Saturday, November 7, 2009
Time of My Life, by Allison Winn Scotch
Do you ever regret marrying me? How many of us have ever been on the giving or receiving end of that question? We all think about it, even if we don't affirm it with speech. And not just with marriage, with everything. We can't help but wonder, what if I'd done this differently, or what if I'd not done that instead of the other thing, what if, what if, what if…
That pesky two-worded question is the basis of Allison Winn Scotch's second novel, Time of My Life. Jillian Westfield, a mid-thirties mother of one (adorable!) eighteen month-old girl, finds herself stuck in the mundane chaos of trying to be the perfect parent, and dwelling on the what if's of yesteryear. What if she'd stayed with Jackson-the-exciting-and-unpredictable, and hadn't married Henry-the-everything-by-the-book-list-maker. Through an accidentally magic chi-unblocking from her masseuse, Jillian is whisked back seven years…before she'd lost her tight abs to pregnancy, before she'd left her successful marketing job to be a full-time mom, before she'd even met her husband and she was living with Jackson…
Jillian gets a chance to redo her past, but, of course, this is not without its consequences. Aside from constantly running into Henry (past/future memories of their life together still fresh in her mind, and forced to act like they don't know each other) and trying to make her shaky relationship with Jackson and his hard-to-please family work this time, other issues that Jillian hadn't even thought about are pushed to the forefront.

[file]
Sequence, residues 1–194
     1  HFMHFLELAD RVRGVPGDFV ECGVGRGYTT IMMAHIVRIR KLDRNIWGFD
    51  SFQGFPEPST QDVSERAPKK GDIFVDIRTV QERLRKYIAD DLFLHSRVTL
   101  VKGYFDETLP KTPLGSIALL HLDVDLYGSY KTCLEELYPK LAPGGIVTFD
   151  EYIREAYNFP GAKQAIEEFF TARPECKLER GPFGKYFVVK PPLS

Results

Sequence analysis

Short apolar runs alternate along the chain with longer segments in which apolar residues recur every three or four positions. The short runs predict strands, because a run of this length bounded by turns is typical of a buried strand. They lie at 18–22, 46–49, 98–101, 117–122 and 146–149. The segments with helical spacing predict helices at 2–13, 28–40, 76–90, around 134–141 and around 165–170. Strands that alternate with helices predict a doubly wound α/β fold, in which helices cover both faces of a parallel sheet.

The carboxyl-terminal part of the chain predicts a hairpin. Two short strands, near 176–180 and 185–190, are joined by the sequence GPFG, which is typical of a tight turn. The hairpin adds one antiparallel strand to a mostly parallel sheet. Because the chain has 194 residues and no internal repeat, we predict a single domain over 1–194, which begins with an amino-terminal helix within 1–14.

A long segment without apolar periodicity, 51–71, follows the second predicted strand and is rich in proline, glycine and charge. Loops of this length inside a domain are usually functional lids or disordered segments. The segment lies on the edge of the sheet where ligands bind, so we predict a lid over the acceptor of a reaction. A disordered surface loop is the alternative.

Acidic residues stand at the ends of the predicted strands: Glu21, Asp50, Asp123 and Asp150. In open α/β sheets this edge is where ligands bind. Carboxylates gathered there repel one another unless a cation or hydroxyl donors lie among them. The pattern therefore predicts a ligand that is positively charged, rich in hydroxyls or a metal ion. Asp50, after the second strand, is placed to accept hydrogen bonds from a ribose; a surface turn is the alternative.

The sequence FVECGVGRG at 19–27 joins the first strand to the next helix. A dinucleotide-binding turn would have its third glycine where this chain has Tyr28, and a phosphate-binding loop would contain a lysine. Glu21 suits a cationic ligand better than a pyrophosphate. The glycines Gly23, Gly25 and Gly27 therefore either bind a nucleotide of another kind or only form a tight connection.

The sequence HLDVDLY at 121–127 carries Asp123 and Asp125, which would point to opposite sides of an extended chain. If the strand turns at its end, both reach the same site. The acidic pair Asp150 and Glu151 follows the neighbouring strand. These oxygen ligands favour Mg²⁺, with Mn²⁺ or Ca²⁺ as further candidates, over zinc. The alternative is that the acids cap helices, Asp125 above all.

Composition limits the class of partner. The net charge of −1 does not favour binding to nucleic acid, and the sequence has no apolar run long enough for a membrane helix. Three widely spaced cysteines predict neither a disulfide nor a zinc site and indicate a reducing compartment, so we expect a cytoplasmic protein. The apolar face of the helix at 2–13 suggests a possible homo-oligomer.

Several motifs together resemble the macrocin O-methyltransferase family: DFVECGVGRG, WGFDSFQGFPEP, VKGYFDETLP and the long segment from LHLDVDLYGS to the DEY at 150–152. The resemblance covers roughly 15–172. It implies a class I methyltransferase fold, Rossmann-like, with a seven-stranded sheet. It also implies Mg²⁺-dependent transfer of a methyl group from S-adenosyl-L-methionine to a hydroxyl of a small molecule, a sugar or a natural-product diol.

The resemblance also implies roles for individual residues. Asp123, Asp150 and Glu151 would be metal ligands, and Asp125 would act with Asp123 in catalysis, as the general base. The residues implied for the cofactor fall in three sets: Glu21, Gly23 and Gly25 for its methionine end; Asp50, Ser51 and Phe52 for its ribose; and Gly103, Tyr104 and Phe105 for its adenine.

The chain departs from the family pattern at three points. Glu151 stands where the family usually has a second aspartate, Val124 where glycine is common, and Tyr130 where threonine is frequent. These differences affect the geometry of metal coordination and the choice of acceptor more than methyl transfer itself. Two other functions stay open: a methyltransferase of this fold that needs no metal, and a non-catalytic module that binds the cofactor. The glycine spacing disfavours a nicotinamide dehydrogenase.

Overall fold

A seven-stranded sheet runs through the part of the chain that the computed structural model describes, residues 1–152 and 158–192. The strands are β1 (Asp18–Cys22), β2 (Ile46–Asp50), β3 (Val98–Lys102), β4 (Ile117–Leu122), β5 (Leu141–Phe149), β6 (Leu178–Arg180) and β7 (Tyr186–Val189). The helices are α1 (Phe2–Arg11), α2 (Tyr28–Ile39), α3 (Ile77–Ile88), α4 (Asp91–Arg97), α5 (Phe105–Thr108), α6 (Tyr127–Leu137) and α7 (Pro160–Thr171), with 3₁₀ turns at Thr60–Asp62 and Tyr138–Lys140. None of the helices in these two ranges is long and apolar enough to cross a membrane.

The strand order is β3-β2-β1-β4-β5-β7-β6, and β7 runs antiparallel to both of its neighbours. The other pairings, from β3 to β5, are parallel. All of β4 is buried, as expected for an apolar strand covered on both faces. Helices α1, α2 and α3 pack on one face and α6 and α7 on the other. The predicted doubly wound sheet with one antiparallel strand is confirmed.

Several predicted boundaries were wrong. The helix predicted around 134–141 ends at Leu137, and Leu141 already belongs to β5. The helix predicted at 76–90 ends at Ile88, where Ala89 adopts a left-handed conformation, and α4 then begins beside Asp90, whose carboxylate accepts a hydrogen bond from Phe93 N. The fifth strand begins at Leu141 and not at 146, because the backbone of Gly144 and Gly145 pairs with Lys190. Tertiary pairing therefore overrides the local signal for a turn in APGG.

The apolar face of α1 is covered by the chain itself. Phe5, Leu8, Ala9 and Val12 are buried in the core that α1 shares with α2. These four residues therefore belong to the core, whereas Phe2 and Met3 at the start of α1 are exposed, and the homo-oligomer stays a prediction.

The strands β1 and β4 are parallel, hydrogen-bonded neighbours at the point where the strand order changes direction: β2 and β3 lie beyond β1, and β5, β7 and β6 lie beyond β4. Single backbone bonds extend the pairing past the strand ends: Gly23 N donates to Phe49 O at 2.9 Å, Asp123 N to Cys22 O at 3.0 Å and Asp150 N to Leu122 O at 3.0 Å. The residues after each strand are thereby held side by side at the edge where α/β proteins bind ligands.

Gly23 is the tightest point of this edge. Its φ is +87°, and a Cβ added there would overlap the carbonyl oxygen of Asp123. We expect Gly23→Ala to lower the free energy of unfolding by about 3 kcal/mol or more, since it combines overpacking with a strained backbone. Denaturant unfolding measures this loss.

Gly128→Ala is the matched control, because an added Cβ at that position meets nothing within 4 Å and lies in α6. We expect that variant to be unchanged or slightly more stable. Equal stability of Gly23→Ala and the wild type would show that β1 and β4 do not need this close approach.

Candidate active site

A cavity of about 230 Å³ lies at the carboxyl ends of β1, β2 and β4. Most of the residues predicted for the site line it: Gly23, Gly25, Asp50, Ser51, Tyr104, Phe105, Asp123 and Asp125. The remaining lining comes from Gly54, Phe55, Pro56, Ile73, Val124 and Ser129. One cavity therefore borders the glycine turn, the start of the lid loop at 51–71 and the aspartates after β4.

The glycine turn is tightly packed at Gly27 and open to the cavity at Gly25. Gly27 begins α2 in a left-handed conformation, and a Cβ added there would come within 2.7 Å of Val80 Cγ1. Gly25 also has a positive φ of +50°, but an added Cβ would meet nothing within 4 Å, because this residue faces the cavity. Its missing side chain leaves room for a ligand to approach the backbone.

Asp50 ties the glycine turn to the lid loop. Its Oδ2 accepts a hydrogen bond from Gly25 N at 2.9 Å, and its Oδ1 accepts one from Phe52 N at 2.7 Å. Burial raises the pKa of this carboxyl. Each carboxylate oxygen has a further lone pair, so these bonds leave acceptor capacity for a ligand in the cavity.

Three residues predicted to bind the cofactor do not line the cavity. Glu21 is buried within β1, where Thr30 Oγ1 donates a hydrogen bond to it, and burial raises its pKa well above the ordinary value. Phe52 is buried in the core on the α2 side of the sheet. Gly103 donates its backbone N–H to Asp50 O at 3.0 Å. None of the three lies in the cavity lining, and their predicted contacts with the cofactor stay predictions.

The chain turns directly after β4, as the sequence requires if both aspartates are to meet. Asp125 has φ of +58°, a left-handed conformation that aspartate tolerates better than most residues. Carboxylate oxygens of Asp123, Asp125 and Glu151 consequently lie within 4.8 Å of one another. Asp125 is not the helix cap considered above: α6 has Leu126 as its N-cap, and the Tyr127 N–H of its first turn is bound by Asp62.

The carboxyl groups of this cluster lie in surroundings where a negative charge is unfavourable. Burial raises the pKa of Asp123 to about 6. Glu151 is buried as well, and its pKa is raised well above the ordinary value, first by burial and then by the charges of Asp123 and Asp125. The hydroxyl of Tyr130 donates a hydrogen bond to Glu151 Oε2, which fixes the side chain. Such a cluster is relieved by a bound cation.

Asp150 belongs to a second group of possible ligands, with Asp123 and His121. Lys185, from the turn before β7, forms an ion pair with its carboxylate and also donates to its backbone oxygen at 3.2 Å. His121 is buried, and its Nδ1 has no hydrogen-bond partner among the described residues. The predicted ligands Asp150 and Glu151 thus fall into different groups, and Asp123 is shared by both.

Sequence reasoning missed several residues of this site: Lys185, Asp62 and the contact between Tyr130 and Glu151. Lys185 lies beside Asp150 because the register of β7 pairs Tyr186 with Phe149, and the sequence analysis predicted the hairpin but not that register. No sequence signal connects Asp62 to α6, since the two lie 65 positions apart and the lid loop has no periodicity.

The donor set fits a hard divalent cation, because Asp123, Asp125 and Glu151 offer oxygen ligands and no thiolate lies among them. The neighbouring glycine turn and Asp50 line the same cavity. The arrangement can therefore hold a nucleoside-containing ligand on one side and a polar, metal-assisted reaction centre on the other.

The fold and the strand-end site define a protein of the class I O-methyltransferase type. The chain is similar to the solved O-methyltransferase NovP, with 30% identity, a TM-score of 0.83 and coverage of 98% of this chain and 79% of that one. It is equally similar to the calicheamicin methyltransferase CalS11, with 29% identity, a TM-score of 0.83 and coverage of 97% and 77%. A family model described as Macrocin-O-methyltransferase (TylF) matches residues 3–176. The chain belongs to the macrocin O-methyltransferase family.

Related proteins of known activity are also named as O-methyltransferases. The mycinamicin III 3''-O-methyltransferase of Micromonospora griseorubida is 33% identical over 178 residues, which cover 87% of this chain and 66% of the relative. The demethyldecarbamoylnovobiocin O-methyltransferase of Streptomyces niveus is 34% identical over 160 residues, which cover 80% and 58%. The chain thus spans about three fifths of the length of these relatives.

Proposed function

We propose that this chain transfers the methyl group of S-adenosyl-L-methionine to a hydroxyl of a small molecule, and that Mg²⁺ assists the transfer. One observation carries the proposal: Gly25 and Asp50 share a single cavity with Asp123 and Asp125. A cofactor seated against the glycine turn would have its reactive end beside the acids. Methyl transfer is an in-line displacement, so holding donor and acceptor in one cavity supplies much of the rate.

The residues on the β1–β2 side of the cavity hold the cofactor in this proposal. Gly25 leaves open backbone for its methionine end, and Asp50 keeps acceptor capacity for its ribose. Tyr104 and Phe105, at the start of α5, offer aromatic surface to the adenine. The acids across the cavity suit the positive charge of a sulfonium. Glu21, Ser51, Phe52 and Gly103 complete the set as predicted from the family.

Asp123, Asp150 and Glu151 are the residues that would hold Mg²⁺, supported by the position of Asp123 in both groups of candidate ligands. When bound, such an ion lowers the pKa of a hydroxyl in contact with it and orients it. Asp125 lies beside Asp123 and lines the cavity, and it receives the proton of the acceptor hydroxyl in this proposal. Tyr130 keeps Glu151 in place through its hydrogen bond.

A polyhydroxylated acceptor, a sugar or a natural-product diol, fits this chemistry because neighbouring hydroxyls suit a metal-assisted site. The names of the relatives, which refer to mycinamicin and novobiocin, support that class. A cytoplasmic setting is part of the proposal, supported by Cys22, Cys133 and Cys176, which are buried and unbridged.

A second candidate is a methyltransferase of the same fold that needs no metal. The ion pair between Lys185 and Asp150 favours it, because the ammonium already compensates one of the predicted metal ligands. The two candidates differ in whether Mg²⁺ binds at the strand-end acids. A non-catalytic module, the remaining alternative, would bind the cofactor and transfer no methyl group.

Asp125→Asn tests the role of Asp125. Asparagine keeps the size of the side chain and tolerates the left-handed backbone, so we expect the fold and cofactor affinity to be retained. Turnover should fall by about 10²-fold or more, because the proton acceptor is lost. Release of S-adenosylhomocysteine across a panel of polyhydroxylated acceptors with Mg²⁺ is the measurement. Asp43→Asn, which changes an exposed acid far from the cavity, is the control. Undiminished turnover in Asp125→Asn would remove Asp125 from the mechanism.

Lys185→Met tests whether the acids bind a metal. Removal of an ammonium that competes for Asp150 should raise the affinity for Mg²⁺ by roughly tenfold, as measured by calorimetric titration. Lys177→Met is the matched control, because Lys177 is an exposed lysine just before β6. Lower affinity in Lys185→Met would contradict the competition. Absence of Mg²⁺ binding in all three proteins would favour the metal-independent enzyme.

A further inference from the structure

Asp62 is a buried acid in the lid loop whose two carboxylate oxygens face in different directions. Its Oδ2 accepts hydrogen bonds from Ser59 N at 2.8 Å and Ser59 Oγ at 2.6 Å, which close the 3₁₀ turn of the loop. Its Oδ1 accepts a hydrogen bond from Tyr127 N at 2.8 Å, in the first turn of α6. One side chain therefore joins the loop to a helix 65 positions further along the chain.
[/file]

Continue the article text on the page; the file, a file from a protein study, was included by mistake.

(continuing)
Her best friend who, seven years forward, was dead, is alive and well. And her struggles with fertility are now affected by Jillian knowing what happens to her in the near and somewhat distant future. Jillian's mother who'd abandoned her at a young age, she remembers abruptly when she receives an odd letter, contacted her out of the blue. How will she react this time? She knows what her previous future actions led to. What if she dealt with it differently? Better? Worse? She also sees her "old and married, tied down by the kids" boss in a different light. One that only her past/future experiences could brighten.
The concept of this story (we tend to view the path not taken through rose-colored glasses) is one that I think just about everyone can relate to, but I felt it especially hit close to home for mothers. Jillian's questions about whether or not she'd married the right person are what led her to her second chance, but the overall theme seemed to focus on her accepting motherhood and understanding, somewhat, her own mother's bad choices.
Allison's delivery of the story makes it a quick and entertaining read. As other critics have pointed out, her writing is rife with realism. It has its full share of emotional moments, aha! moments, stop-and-make-you-think moments, and a good dose of much-needed humor. Personally, I am not a fan of time travel tales (although, this one is not really about the time travel aspect, per se), but this is definitely one that I recommend.
For more about this novel and this author:
Time of My Life excerpt, Chapter One
Chicklit Club interview